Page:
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KYIV — Ukraine is seizing upon its deadliest strike against Russian soldiers so far in the war to warn the enemy they are not safe in bases behind the front lines, while Russians are turning on their commanders over the scale of the rocket attack against a building in Makiivka in eastern Ukraine.
On January 1, Ukraine struck a base in Makiivka in the Donetsk region. Given the devastating extent of the blast, Britain’s ministry of defense speculated ammunition was stored near troop accommodation in the vocational school building, some 12.5 kilometers behind the front line.
Late on the night of January 1, Ukraine’s armed forces Strategic Communications Center claimed the strike killed 400 and wounded 300 newly mobilized Russian soldiers. The next day, the General Staff of the Armed Forces confirmed the strike on the Makiivka base. “Up to 10 units of enemy military equipment of various types were destroyed and damaged in the concentration area in Makiivka. The exact number of military personnel losses is still being verified,” General Staff spokesman Oleksandr Shtupun said in a video statement.
On Wednesday, the Russian defense ministry put the number of Russian dead at 89. This is the first time the Russian ministry has officially acknowledged the death of so many soldiers in one attack since the start of the full-scale invasion of Ukraine on February 24 .
The Ukrainian armed forces have not made any further official comments.
Instead, Ukraine’s Strategic Communications Center of the Armed Forces has been intimidating Russians, with messages about other military bases of Russian soldiers supposedly targeted in occupied parts of the region of Zaporizhzhia.
The armed forces’ Strategic Communications Center has reposted a video from an anonymous channel called Capitan Himars. In a video, a soldier stands not far from a HIMARS rocket battery as it fires and proposes that Russian soldiers who want to go back home alive should send him coordinates of Russian military vehicles, arms warehouses and command posts. “If you give that to me, I won’t target soldiers’ bases, I will destroy only artillery, weapons and fuel. Then nobody will send you on the offensive. You will save your own life and the lives of your friends,” the soldier says, blanketed in dust from the rocket fire.
The scale of the attack also sparked recriminations from the Russian side.
Russia’s defense ministry initially reported some 63 deaths as a result of a HIMARS strike over the local professional vocational school PTU-19, where Russians were based. However, Russian and pro-Russian military bloggers and commanders have reported hundreds of dead and wounded and started apportioning blame. While some put responsibility on the commanders for stationing soldiers in large groups, others said the blame lay with locals who acted as spotters, giving coordinates to Ukrainian forces.
Mobile phones to blame?
Russia’s defense ministry blamed the dead soldiers themselves.
“A special commission is still investigating the incident. But it is already obvious that the main reason for what happened was the massive use of mobile phones by the personnel despite the ban,” first deputy chief of the Main Military-Political Directorate of the Armed Forces of the Russian Federation, Sergei Sevriukov, said in a statement.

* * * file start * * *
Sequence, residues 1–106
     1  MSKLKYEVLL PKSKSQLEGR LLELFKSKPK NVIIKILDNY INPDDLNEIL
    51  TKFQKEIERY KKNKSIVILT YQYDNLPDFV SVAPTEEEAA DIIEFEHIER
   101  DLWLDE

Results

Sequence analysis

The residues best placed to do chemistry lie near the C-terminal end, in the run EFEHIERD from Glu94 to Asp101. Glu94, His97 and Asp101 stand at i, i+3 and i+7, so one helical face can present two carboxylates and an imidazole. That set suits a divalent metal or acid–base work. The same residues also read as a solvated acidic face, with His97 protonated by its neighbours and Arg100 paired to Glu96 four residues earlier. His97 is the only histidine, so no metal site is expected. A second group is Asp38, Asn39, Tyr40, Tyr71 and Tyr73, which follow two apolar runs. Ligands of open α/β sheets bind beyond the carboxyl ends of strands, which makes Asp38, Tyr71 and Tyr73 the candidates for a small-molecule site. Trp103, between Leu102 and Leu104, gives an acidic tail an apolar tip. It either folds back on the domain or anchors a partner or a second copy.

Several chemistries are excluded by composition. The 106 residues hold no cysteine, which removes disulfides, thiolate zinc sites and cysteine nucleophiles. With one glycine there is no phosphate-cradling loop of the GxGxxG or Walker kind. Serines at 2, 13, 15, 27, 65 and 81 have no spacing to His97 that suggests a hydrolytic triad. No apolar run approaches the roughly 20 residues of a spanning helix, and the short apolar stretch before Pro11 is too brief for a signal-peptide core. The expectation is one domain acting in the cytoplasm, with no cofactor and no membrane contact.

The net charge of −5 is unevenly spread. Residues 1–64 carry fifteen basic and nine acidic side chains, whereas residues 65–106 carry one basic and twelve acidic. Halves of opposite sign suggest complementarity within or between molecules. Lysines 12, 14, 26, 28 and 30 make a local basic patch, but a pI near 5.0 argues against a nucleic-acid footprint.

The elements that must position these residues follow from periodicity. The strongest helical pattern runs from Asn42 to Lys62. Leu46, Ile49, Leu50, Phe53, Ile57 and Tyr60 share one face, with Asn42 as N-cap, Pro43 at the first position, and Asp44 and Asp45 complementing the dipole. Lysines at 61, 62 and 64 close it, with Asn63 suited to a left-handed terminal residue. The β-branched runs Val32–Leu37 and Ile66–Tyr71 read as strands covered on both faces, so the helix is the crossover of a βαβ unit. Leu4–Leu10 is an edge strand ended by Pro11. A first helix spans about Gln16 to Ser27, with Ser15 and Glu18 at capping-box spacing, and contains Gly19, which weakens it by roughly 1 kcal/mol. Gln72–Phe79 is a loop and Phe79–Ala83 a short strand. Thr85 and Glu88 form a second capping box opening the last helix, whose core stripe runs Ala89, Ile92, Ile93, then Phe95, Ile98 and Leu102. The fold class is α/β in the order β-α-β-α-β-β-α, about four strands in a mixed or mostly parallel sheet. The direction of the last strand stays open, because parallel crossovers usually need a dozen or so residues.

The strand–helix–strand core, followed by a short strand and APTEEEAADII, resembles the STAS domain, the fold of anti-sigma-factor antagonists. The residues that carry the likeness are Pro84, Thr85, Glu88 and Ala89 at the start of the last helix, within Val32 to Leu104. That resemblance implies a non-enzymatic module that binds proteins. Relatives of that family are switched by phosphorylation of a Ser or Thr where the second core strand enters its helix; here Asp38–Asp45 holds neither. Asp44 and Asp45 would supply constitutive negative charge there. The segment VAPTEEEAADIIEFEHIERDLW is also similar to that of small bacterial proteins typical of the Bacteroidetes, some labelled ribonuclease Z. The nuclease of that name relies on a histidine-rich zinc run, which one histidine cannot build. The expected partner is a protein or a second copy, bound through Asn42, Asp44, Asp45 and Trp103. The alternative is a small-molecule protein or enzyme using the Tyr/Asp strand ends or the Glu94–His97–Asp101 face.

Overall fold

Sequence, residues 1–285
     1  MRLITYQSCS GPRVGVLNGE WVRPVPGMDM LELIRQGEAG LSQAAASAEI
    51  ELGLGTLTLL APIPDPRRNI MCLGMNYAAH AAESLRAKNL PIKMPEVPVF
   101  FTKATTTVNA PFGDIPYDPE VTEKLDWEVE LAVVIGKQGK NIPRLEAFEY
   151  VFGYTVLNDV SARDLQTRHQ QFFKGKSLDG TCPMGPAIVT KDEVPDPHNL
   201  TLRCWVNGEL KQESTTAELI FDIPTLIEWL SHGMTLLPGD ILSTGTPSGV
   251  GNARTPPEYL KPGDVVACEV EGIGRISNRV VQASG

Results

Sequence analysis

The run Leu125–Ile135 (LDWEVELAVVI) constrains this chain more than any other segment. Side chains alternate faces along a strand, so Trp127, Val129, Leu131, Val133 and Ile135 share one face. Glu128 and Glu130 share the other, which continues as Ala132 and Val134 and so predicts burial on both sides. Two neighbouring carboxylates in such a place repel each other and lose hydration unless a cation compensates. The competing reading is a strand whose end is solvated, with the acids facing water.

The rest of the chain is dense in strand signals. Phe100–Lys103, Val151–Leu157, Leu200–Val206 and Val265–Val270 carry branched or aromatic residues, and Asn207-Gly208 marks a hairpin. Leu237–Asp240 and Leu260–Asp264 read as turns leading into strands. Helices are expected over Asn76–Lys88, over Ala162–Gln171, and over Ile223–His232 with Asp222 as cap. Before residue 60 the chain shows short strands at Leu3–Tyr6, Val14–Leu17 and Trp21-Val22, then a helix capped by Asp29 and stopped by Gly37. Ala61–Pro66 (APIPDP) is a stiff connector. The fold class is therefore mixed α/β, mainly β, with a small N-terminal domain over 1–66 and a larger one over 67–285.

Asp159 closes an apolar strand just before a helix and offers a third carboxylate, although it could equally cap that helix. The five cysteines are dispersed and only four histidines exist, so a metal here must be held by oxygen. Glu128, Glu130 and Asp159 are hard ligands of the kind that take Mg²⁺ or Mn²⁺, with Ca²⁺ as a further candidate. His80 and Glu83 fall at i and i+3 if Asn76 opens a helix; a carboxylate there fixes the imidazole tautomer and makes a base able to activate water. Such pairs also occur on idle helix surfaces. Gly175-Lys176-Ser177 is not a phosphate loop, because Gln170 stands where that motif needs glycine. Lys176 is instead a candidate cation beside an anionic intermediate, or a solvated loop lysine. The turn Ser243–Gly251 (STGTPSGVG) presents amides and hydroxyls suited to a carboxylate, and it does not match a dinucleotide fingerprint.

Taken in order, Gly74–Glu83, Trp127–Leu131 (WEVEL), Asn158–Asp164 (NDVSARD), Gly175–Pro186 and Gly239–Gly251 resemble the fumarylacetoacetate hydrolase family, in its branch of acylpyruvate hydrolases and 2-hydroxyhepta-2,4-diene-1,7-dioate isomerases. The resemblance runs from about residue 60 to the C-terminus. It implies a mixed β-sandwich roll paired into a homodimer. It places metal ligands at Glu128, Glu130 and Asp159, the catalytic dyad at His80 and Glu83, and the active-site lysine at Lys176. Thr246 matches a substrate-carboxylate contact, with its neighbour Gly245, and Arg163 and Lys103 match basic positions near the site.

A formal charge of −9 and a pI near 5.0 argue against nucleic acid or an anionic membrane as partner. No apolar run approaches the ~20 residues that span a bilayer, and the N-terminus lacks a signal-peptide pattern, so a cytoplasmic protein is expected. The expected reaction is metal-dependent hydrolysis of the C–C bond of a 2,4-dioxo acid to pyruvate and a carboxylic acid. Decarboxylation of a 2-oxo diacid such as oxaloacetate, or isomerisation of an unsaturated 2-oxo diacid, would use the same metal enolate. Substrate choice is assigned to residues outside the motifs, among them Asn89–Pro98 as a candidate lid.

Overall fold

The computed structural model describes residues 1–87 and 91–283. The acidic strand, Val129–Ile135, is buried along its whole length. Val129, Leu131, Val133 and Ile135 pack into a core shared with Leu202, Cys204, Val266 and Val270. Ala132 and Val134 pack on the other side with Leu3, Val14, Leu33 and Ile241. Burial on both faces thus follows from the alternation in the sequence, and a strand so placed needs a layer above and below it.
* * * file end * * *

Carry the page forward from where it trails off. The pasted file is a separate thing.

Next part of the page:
“This factor allowed the enemy to locate and determine the coordinates of the location of military personnel for launching a missile strike.”
Ukrainian forces refused to confirm or deny that statement. “As of now, we don’t give any further comments on that,” said Andriy Yusov of the Military Intelligence Directorate of the Defense Ministry of Ukraine.
On January 3, mourning ceremonies were conducted in three major cities of Samara Oblast — Tolyatti, Syzran and Samara, where many of the troops came from. Samara Governor Dmitrii Azarov has asked the relatives of killed invading forces, who keep demanding information about the soldiers from the authorities, to wait until the end of the investigation. This would allow identification of the dead and a full count of the wounded, who according to Azarov, were transported to the hospitals of Rostov region.
Pro-Kremlin journalist Anastasia Kashevarova reported that some 200 soldiers survived the attack.
The Ukrainian open-source intelligence community InformNapalm has identified one of the survivors as Nikita Bakulin, a 28-year-old conscript from Samara, and posted a video of him allegedly sending a video message to his mother on January 3 where he blames two colonels for the tragedy. The video was earlier posted by Russian military Telegram channels.
Saratov regional Governor Roman Busargin has denied any conscripts from Saratov region were killed in the attack and expressed condolences to the neighboring region.
Citing wives of the conscripts, Russian media website Stories has reported Russian commanders were planning to send the mobilized in Makiivka on the offensive but changed their mind due to a lack of resources and weapons.
“In the conditions of increasing our resources near the front line, not only Makiivka vocational school was under threat. We know that there are still sites with an increased concentration of personnel known to the enemy — we are waiting for the reaction of the military leadership,” Aleksandr Khodakovsky, one of the top Russian-backed military commanders in Donetsk said in a statement. “If no measures will be taken by our military leadership before the next massive enemy strike like this one, this inaction should be taken as a betrayal,” Khodakovsky added.